• Joanna N. Boxill

Lorie Shaull (License)

The degree of grief and anger that it takes to overshadow a global pandemic is massive. The injustice that killed George Floyd has cut so many of us to the heart. If we thought we were safe, or that racism was a thing of the past, we were proved wrong. It is a sobering, fear-inducing and painful thought.

“The UK is not innocent”. I saw that sign held by a hurting protester and I recalled the pains that friends have endured here. Cambridge is not innocent. Just last academic term we were engaging with racism by the #speakout movement which got started when a student was physically assaulted by a college porter who assumed he had no right to be there. This issue is more widespread than we would like to even imagine.

My great grandmother was the daughter of a Carib, one of the original people groups in Trinidad and Tobago who were almost completely wiped out by slavery. My grandmother struggled through poverty brought on by the Second World War, a war steeped in racism. My mother studied in the USA and faced the condescending attitudes of racism all around, from being followed through stores by employees thinking she was a thief to being forced to work harder than others around her in order to finish her degree. My father experienced racial profiling, accosted by police who thought he was stealing a car, when he was simply removing a glass bottle from under his car which would have punctured his tyre. My eldest sister was yelled at by a man who was under the influence of either drugs or alcohol for having white friends and trying to “be white”. My other elder sister and her Nigerian friend were followed around a Walmart store by a woman who assured management that she was “keeping an eye on them”. My family for years has experienced hardship and struggles because of the deeply rooted negative racist attitudes that are still undercurrents in the world we live in today.

I have been blessed to have never been attacked, but I live with the effects of a world plagued by racism. The surprise and shock of seeing another black person as you go about daily life, reminding you time and time again that you are a minority. The odd relief and comfort you feel when meeting up with other people of colour makes you realise you were holding your breath all the while, not really feeling comfortable enough to be yourself, to be “black”.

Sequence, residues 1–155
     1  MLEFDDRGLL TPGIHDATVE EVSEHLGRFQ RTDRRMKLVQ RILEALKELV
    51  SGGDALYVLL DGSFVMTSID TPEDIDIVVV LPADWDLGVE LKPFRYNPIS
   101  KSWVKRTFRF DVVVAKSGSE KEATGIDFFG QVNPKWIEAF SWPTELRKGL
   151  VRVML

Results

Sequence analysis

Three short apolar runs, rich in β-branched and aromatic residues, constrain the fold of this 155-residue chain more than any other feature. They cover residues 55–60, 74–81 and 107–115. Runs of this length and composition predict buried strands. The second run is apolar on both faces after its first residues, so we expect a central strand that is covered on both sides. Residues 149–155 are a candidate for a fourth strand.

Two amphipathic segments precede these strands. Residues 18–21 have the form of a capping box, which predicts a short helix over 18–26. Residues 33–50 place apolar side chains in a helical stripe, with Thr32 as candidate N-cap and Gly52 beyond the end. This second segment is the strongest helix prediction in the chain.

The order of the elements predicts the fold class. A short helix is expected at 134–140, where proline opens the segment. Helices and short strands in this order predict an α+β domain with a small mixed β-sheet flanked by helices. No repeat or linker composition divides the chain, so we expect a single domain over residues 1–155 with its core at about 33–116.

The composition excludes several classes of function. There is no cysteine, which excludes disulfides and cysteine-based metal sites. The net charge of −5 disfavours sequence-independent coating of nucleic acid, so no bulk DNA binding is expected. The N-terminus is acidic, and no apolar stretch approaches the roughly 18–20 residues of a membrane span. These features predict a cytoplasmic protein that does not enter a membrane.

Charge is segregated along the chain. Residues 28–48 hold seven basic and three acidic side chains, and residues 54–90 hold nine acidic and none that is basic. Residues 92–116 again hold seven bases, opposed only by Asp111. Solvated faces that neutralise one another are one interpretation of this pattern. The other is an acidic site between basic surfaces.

Realising that my mom was not being paranoid when she warned me about the realities of racism that I would face by studying in England has probably been the worst realisation of my life. She warned me that I might have to work harder to get respect, that I would feel the need to change some of my more outgoing habits, that I may basically be guilty until proven innocent. I dismissed it all, thinking that times certainly must have changed since she was at university.

Yet I have to be more vocal than my peers in supervisions so that the supervisor doesn’t assume I did not get the point. I think the only supervisions I was specifically called on for my opinion were ones on colonialist thought. I am much more reserved than usual in England, and part of this is simply respect for a different culture, but it is tiring and often frustrating. Every time I need to smile at someone as I pass them on a dark night for them to relax their shoulders and not walk in a wide circle around me, I feel the darkness of my skin.

And yet, I do not want to be in a constant state of sombreness and sorrow at the condition of the world; I resort to my normal “find the blessing” attitude, my coping mechanism. This attitude does have its place, because being able to be thankful that I am not in a worse position is important. But when it becomes something that makes me stop grieving at the injustice in the world, stop caring, stop praying about it, stop thinking about it, ignoring it – then it is a REAL problem.

Singing the lyrics from the bridge of this song “Hosanna” by Hillsong hits me hard.

Break my heart for what breaks Yours. As George Floyd lay there with a knee on his neck, God’s heart was breaking. God’s heart aches at injustice wherever it is seen, and our hearts need to break at it too. He didn’t make us for this. He made us “in his image”, to love, care for and lay down our lives for each other like he loves us and laid down his life for us. People God created in His image and likeness, people He loves with a self-giving love, are crying out to Him in pain; are being abused and oppressed for a characteristic that says ABSOLUTELY NOTHING about them other than the fact that their skin produces eumelanin.

And yet, I am here, more concerned about my comfort, more concerned about maintaining some fleeting peace than standing up alongside those who are being hurt.

God nudged me even more: “You see the injustice of poverty and inequality and the refugee crisis and you want to do something about that, but the issue that touches even closer to home, the one I have specifically positioned you to act upon, you turn a blind eye to?”.

EVERYTHING I AM for your kingdom’s cause. My black skin for your kingdom’s cause. I cannot keep silent on this while it remains an issue I can speak about. While people are hurting from this, while they are crying out to be heard, I pray that God will call on all of His people to want to feel His heart for these situations.

I come to you for protection, O Lord my God.

Save me from my persecutors—rescue me!

If you don’t, they will maul me like a lion,

tearing me to pieces with no one to rescue me.

Arise, O Lord, in anger!

Stand up against the fury of my enemies!

Wake up, my God, and bring justice!

End the evil of those who are wicked,

and defend the righteous.

For you look deep within the mind and heart,

O righteous God.

God is my shield,

saving those whose hearts are true and right.

God is an honest judge.

He is angry with the wicked every day.

If a person does not repent,

God will sharpen his sword;